How autism may affect emotional regulation for autistic teenagers:

Social Communication:

  • Difficulty making needs known and getting them met
  • Difficulty recognising how emotions feel and expressing internal states
  • May make semantic errors in labelling own emotions for example, “angry” when they mean “worried”. Some refer to this as the student experiencing emotional lability.

Social Interaction:

  • May have a much lower tolerance for social interaction and may be unaware of social rules
  • They may have experienced several failed attempts at social interaction and consequently, may have preference for aloneness

Rigidity or Inflexibility of Thought:

  • Difficulty breaking out of unrealistic thought patterns once they are set.
  • Emotional stress responses due to the unpredictable nature of daily life.

Sensory Issues:

  • Emotional stress responses due to the sensory issues, e.g. too much stimulation, or hypersensitivities to some sensory input.
  • See Sensory Processing

Theory of Mind:

Theory of Mind means that you have an understanding that other people have thoughts and feelings that are different to your own.

  • They may have difficulty interpreting others emotions
  • Further reading on Theory of Mind and Autism can be found at,

Executive Functions:

A cluster of high-order capacities, which include selective attention, behavioural planning and response inhibition, and the manipulation of information in problem-solving tasks. “Executive Functions: A Discussion of the Issues Facing Children with Autism Spectrum Disorders and Related Disorders” Calhoun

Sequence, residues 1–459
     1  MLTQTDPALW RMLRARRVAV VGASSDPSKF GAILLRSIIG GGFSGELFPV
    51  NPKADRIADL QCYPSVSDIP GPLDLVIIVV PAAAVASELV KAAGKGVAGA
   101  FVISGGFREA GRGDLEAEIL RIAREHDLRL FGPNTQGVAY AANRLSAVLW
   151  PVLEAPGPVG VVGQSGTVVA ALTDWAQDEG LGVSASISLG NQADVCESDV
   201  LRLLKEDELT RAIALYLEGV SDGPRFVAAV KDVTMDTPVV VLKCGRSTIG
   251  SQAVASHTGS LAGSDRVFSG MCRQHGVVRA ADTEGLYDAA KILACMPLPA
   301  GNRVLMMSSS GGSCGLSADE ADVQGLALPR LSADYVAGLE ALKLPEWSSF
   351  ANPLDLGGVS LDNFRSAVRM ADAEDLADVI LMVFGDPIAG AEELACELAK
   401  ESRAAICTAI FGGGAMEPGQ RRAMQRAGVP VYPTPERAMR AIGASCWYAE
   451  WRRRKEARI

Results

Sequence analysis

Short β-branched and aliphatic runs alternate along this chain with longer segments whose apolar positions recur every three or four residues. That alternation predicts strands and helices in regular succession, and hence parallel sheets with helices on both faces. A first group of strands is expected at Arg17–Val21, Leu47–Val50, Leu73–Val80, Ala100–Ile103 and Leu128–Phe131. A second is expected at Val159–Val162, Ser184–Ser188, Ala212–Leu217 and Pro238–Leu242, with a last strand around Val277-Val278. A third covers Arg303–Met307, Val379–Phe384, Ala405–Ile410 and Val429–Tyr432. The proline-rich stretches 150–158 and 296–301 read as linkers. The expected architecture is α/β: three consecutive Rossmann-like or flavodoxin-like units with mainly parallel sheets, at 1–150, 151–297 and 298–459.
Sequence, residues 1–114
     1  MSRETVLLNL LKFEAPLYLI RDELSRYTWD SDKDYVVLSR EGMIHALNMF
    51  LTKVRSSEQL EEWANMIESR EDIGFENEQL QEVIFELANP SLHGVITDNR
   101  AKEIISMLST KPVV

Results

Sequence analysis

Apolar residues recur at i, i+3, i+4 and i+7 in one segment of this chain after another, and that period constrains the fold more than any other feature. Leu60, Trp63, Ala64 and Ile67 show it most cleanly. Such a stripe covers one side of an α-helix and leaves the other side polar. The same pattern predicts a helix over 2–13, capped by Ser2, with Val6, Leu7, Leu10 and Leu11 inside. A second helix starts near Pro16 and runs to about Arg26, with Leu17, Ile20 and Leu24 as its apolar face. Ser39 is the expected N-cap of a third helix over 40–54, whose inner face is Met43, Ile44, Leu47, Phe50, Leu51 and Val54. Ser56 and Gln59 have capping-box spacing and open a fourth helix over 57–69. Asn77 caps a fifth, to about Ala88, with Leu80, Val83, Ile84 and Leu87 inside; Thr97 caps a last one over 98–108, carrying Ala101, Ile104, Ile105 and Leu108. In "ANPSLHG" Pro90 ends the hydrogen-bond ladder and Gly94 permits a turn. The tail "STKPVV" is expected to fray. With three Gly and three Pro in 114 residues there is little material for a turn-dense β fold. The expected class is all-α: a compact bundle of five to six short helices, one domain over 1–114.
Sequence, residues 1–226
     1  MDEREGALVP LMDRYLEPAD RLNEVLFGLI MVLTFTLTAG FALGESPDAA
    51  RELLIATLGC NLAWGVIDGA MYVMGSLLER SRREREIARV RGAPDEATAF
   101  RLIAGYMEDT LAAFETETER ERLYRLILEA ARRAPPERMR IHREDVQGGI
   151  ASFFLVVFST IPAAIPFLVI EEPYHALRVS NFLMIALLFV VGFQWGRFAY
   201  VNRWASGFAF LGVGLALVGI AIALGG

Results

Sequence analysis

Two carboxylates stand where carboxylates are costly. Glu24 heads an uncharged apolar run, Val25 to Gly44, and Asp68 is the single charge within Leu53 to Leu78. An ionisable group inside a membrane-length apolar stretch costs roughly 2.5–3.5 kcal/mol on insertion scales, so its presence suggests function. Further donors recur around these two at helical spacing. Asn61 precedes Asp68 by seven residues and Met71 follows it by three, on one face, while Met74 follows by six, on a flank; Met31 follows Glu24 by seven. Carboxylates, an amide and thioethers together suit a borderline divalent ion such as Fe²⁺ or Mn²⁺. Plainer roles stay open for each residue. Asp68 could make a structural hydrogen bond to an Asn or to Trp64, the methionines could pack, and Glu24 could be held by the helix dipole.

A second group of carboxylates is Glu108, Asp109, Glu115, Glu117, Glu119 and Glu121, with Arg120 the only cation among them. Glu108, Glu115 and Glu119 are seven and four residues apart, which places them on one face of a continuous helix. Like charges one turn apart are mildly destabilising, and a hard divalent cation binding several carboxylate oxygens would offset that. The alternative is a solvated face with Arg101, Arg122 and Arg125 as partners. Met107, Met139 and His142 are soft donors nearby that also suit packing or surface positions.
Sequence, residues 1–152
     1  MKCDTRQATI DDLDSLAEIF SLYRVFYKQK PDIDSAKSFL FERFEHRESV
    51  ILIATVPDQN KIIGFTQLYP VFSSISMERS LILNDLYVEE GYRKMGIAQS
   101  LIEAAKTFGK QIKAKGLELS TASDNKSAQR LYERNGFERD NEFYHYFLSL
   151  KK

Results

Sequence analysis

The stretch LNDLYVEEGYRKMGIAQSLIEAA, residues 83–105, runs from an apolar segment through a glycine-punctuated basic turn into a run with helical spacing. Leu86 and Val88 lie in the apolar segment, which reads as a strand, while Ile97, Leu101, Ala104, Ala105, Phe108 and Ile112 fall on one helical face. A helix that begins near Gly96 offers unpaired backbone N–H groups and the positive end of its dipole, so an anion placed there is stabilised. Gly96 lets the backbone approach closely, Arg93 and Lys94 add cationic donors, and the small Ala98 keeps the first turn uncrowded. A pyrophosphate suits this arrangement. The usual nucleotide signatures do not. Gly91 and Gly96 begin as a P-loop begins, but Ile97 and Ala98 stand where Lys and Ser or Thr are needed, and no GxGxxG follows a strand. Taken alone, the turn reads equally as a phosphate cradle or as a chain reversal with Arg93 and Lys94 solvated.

• May have difficulty inhibiting impulses, thus impacting on social interactions. The autistic teenager may be more likely to act on emotional compulsions
  • Further reading on the impact of Executive Function Issues and autism.

Potential Signs of Difficulty with Emotional Regulation

Although, this is not a truly comprehensive list, we must be cautious as many autistic teenagers may display such characteristics for a variety of reasons

  • Mouthing or chewing on objects or fingers, this is particularly evident with students with severe learning difficulties.
  • Holding or hording familiar and comforting
  • Toe walking and rocking
  • Hand flapping
  • Humming
  • Removing oneself from a stressful situation
  • Absconding
  • Removing clothing
  • Preoccupation with specific topics or areas of focused interest
  • Adherence to rigidly rules
  • Echolalia

Strategies to teach autistic teenagers how to understand and manage emotions

The Centre has a range of downloadable resources which may prove beneficial.